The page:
The Amazon: The heartbeat of the Earth |

The Amazon: The heartbeat of the Earth

Shannon O'Rourke
Vail, CO Colorado

Two weeks ago, I was given the opportunity to visit the most massive, diverse and, in my opinion, most beautiful place on earth: the Amazon rainforest.

Visiting the rainforest was something I had looked forward to since coming to Brazil, and this trip did not fall short of my expectations. It was 10 days of incredible experiences with a great group of 70 exchange students from all over the globe.

Our first stop was Manaus, the capital of the state Amazonas, where we saw the famous opera house, bustling street and fish markets, and at night, a unique performance of native music and dancing.

It was easy to see that the northern region of Brazil was completely different from the south, where I am currently living. The people of the north have much darker skin, thick, black hair, and many speak a native tribal tongue rather than the national language of Portuguese. Also, the city of Manuas was less industrialized and less wealthy than places in the south. In my opinion, the north has done a much better job of preserving ancient customs of Brazilian culture.

The next destination on our trip was a tiny city called Presidente Figueredo. Located deeper into the rainforest, this city had a very rustic and deserted feel. We took advantage of the beautiful surroundings by trekking through the forest during at the day and at night.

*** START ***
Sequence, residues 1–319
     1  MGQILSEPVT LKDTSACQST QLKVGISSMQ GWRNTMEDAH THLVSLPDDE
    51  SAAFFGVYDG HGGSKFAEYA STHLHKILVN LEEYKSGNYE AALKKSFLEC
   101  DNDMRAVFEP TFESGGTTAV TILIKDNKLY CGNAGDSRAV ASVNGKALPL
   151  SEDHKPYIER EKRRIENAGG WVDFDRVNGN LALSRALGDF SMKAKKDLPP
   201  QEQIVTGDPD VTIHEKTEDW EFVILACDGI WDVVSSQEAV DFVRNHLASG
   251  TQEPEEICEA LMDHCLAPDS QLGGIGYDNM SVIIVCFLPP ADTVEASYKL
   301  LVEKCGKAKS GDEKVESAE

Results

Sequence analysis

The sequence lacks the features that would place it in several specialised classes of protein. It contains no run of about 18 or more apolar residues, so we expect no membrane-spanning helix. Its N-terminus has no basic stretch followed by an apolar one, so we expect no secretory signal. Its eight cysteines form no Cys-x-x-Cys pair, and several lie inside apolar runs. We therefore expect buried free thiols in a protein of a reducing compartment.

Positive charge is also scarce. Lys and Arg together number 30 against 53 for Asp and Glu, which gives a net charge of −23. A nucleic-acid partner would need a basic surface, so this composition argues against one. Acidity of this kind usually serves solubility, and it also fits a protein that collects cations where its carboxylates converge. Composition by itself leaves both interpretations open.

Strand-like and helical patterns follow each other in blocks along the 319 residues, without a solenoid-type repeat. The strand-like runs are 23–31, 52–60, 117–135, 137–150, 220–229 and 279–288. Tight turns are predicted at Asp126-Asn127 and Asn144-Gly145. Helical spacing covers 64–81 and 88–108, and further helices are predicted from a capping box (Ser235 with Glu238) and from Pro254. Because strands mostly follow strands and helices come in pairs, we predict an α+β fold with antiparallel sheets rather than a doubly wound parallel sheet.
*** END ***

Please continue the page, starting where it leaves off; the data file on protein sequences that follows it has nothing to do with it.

During the day trek, we started to learn about the diversity of the jungle, swam in big waterfall, and ate cupuacu, a sour white fruit which can only be found in the Amazon.

Although the day trek was great, the one at night was better ” there’s something about being in the rainforest at night, finding my way with a flashlight, and hearing the harmony of sounds of animals really made me stop and think: Is this really happening?

We trekked through a beautiful part of the forest, rich with towering trees, stunning plants, and lush green color. We also ventured through some bat caves and swam in a gorgeous waterfall in the dark. Our guide even found a large red cobra to show us.

This night hike was definetly one of the most memorable parts of the trip and had a truly mystical feel to it.

Our five-day boat expedition started the next morning. With less than an hour passed on the boat, we reached the point where Rio Negro and Rio Solimoes meet, but do not mix for 20 kilometers because of the density difference of the two waters. It was neat to see one side of the river a deep blue color and the other side a milky white color.

Later in the day, we all broke off into smaller boats in order to travel into smaller areas of the river and see new parts of the jungle. Some things I will never forget are the giant lily pads that can hold up to 16 pounds of material, and the bright orange sunset on the river that evening.

The next day we were introduced to a new aspect of the Amazon: the native peoples. We traveled to a native community where we welcomed by the tribe loudly playing conch shells, a tradition used to show hospitality to the visitors.

Upon entering the large, handmade hut, the school-age children began singing a song in their native language. The kids were so cute and all seemed so small for their age!

We were also treated to a dance and a welcome speech by the chief, and then they passed around their ceremonial drink for us all to try. Later , we were able to go around and look at all the tribal crafts and jewelry, and purchase some as well. Also, some men and boys painted our faces different ways, depending on sex and marital status.